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Women’s History Month Part 2

Women in Credit Unions

Earlier this week, we introduced you to the Mother of Credit Unions, Louise Herring. An amazing pioneer of the credit union movement, and a woman we honor still to this day. If you missed the post, read it here!

Today is about another remarkable woman and pioneer of the credit union movement, Dora Maxwell.

Dora Maxwell

Dora Maxwell was born in 1897 in the state of New York. She and her five siblings were raised by her mom after her dad passed away when she was just two years old. While she was in high school, at age 14, her mom passed away. Dora left high school after two years and worked various office jobs for the rest of her teen years to afford a place to live. She began working as a secretary for a community church to supplement her income.

Dora eventually attended a class to learn about cooperatives. She was moved by the idea of grocery cooperatives but did not think one would work in New York City. Though, she knew she wanted to do something constructive with this knowledge. It was then that she partnered with Hyman Cohen, who had also attended the class, to start a credit union.

This was in the early 1920s, and credit unions at that time were not well-known yet. There were, however, organizations called axias that were operating illegally in New York. Axias were similar to credit unions but were not chartered and legal.

Dora Maxwell photo

Dora Moves Credit Unions Forward

Dora helped organize one of the first credit unions in New York: Consumers Cooperative Credit Union. It was headquartered in the church where she worked. She volunteered as the treasurer for the credit union for some time before being called upon to assist with additional charters around New York City and into upstate New York.

The New York Banking Commissioners Department in the early 1920’s was intimidating, male-dominated, and determined to not issue additional charters for credit unions. In Dora’s own words they were “antagonistic” and “armed.” But she persisted, month after month. Dora is credited with chartering over 120 credit unions in New York.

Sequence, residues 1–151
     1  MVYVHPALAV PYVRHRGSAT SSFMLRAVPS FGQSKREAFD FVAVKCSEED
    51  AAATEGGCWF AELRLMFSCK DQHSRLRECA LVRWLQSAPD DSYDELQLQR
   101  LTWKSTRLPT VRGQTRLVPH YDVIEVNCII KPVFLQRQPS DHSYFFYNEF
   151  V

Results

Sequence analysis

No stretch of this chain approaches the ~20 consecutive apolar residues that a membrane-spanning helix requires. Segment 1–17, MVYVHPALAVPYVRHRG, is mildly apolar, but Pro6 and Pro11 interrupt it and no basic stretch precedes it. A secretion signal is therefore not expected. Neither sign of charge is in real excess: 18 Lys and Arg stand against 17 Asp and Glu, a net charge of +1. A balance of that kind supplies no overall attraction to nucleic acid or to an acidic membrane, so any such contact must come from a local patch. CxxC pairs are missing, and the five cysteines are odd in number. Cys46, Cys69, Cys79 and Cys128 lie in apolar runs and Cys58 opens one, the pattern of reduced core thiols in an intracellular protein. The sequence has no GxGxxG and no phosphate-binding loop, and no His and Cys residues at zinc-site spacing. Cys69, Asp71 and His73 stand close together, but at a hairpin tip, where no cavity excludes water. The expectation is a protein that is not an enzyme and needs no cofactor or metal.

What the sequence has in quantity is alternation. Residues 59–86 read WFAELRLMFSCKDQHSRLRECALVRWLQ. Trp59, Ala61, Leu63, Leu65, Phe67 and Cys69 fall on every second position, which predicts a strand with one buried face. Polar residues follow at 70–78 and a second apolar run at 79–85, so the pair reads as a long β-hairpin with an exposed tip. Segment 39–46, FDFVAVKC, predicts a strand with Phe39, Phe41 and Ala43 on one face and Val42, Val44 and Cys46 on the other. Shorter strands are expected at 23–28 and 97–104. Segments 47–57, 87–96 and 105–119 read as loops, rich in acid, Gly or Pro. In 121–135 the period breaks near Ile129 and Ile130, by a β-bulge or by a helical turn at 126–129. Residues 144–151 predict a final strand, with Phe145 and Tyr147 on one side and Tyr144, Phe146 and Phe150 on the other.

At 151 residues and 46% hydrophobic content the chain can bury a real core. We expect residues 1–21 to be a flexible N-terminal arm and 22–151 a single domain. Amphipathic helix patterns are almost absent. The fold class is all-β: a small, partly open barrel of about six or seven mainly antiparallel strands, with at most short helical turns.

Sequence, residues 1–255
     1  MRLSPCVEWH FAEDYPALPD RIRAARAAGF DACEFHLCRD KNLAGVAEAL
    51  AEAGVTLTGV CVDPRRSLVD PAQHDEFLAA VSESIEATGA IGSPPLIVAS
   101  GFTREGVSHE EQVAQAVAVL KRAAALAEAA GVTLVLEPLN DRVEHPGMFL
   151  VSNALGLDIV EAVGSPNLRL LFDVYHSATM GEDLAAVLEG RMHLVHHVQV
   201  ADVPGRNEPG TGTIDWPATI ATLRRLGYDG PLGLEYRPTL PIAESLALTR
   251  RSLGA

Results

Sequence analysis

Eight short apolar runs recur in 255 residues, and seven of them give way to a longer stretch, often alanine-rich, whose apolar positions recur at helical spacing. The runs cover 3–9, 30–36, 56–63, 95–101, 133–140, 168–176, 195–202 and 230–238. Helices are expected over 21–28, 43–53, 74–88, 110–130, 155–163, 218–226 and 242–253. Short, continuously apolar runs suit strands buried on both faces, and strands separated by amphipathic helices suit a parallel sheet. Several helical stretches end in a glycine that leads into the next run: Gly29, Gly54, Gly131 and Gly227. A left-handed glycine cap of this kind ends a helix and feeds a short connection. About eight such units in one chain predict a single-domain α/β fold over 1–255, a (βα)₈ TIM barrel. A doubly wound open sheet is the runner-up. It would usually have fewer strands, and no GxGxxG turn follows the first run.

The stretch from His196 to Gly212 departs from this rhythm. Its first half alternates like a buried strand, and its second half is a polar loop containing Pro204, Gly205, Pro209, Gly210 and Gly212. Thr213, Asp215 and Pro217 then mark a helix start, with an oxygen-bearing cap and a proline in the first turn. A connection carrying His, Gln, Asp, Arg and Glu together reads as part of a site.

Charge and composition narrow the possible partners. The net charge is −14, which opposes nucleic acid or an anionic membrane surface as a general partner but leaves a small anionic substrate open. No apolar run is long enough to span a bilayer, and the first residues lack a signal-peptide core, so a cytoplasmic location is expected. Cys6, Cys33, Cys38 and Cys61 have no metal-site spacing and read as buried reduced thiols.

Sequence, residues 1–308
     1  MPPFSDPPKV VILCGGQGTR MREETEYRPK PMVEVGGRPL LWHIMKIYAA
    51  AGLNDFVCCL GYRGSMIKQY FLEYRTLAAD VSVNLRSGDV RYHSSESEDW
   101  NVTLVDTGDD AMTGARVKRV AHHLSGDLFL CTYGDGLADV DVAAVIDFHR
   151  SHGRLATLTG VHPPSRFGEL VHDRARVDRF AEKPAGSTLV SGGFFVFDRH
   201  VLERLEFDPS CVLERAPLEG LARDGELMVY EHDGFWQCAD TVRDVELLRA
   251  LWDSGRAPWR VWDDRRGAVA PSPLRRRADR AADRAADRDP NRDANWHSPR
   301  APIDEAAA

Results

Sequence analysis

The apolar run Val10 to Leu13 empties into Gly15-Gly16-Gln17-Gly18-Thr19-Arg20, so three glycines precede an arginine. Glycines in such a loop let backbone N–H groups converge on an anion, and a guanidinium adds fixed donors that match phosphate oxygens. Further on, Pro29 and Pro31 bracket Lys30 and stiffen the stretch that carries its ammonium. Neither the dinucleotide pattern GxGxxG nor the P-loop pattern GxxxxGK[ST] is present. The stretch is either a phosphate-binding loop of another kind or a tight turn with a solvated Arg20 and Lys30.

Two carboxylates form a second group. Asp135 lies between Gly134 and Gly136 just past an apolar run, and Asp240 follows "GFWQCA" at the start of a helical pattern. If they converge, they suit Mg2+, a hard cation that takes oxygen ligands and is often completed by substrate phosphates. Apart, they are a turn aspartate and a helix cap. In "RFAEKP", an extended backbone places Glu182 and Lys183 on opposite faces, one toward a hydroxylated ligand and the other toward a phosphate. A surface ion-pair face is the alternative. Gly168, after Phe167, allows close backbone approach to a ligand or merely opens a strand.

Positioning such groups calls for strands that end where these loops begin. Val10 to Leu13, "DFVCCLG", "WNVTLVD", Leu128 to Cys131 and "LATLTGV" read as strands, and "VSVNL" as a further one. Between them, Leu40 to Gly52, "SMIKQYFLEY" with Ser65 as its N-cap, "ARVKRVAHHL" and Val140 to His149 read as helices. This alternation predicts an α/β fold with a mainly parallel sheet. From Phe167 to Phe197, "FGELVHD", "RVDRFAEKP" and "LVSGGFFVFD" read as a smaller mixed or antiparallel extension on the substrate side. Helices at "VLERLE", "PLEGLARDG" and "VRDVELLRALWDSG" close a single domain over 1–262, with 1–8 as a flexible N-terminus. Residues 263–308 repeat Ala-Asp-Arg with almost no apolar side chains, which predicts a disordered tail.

If you recall from our story about Louise Herring the conference held in Estes Park, CO to establish the Credit Union National Association, Dora Maxwell was also in attendance. From there, she traveled around the country to connect leaders of special groups with CUNA to allow for more new charters than ever before.

Dora believed in serving the underserved and focused heavily on small, rural communities that did not have other banking options. She was fierce in her belief that credit unions should uplift the communities they are in and do good. Dora was a credit union champion and incredible woman.

NorthRidge aligns with Dora Maxwell’s belief in uplifting communities and operating for the greater good. Our purpose is to support the people in our communities; to encourage their learning and understanding of their unique financial situations and provide tools for our members to reach their dreams. Dora’s amazing leadership still guides us, 100 years later. What an impactful woman!

Newspaper clipping from the Pittsburg Press in the 1920s: Three government representatives were in Pittsburg today completing organizations of Federal Credit Unions, those "poor man's banks" which promote thrift and make possible low interest borrowing by members. They have more than 600 applications from large and small business firms and individuals and expect to spend a month or more in Pittsburg and vicinity. Miss Dora Maxwell, who was trained in the work through the Credit Union Extension Bureau in Boston and has been organizing the "baby banks" throughout the country, was the vanguard of the official representatives.